Newsletter No. 501
The 12th October meeting of the KZN Branch was opened at 19h30 with the announcements for the month.
The main point of the announcements was that this branch was to join forces with The Society for the Preservation of Militaria in an effort to restore the military installations on the Bluff which are deteriorating through lack of care and the ministries of the bush people and scrap metal dealers. This effort will start with a meeting with the stakeholders and owners of the installation, the SANDF, and will be titled “THE RESTORATION OF FORTRESS DURBAN” The Chairman requested any members who were able to assist in the momentous task to come forward and lend their effort.
The Chairman has been involved with the discussion between SAN, UKZN and Arthur Gammage regarding the relocation of a commemoration plaque to Ethel Campbell from the offices of the SA Legion to the Killie Campbell Museum, Muckleneuck. The location of the plaque, donated by Australian ex servicemen organisations to the “Angel of Durban” to acknowledge Ethel Campbell’s work to make the time of the Aussie soldiers ashore in Durban as close to home as Ethel and her team could make it. For more information on Ethel, please Google Ethel Campbell.
Charles Whiteing was requested to give an update on the END OF YEAR LUNCHEON which will be held on 5th November 2017 at the Blue Waters Hotel.
The Chairman then introduced Mr Mathew Marwick, a history teacher at Maritzburg College and invited him to deliver the DDH.
His talk was titled “The contribution by South Africa’s traditional boys’ schools to World War I” and was based on an article penned by him that had appeared in the Military History Journal in June 2015.
Marwick described how, as a resident master at Maritzburg College, he had for a number of years been intrigued by the precisely 100 names that appeared on the school’s World War I memorial, including that of the only beloved son of one of his great heroes, Mr Robert Clark MA (Oxon), regarded as the “Father of College”.
His research over the last few years into the 97 old boys and three masters whose names appear on the memorial had in turn spawned an interest in other boys’ schools across the country – how many alumni might they have lost in the war? And so, over the following few years, Marwick built up a decent body of research on the topic, using his now fairly vast collection of school histories and magazines – from the Grey College magazine of 1896 and World War I magazines from King Edward VII School (KES) and St Andrew’s College, to the far more recent and rather more glossy school histories of Queen’s College, Grey High School, Pretoria Boys High School and the SA College School (SACS), and many more in between.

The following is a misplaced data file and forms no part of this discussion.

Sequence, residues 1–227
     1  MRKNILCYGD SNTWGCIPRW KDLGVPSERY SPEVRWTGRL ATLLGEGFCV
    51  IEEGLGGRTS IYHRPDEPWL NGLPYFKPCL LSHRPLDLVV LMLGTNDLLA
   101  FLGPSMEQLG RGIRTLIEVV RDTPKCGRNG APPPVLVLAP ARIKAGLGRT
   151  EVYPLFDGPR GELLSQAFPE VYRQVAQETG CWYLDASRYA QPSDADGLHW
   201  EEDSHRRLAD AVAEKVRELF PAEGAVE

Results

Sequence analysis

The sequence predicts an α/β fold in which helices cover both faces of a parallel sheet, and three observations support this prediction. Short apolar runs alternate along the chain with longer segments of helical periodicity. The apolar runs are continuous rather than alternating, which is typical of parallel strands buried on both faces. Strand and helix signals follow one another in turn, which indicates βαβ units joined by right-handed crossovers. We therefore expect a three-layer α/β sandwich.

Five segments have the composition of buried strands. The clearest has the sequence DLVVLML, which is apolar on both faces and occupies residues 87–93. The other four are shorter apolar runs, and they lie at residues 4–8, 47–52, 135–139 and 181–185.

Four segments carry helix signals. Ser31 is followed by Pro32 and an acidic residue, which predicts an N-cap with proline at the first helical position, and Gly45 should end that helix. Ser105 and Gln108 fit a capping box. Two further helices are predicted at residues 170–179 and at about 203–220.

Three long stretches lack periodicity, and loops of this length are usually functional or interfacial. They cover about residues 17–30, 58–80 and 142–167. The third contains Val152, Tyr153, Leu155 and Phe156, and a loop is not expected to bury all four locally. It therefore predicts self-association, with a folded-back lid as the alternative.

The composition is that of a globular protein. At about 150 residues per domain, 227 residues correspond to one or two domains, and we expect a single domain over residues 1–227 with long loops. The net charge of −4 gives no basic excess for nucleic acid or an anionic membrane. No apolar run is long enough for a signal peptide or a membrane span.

In a nutshell, of the total of nearly 9 000 white South Africans who died in World War I, nearly 1 300 were educated at just 17 schools:
* A staggering 164 old boys of SACS perished, while St Andrew’s College and the Diocesan College (Bishops) lost 125 and 113 of their alumni respectively, with the last-mentioned enjoying the distinction of having the honours and awards earned during the War by its old boys brought to the attention of the House of Commons.
* At other so-called “traditional” English-speaking boys’ schools to lose over 50 of their alumni, we have already referred to Maritzburg College’s losses – 93 Dalians perished, as did 86 boys from Durban High School (DHS), 80 Queenians, 66 boys from the newly-established KES in Johannesburg, 61 boys from Kingswood College, 60 boys each from St Patrick’s CBC (Kimberley) and St John’s College, 59 boys from Grey High School, 56 boys from Rondebosch Boys’ High School (including three masters), 52 Hiltonians, and 50 each from Graeme College, Kimberley Boys’ High School and Selborne College.
However, in referring to the rolls of honours of the various schools, Marwick explained that his research was offered in respectful remembrance of the men who had lost their lives – not as some odious “hit parade”. In doing so, he quoted the words of the wartime headmaster of Charterhouse (1911-1935), Sir Frank Fletcher, who expressed the following when it was suggested that “league tables” be compiled of the leading public schools’ casualty and medal lists:
“Lists of this kind seemed to suggest competition and comparisons inappropriate to a matter in which all schools are loyally doing their utmost.”
During the course of his 20-minute address, Marwick also touched on related issues, like –
* The sacrifices of leading schools elsewhere in the Empire – for example, 302 boys from Sydney Grammar School died in the War (out of 1 772 who served – 17%) and 285 boys (out of 1 400 – 20%) from Auckland Grammar School.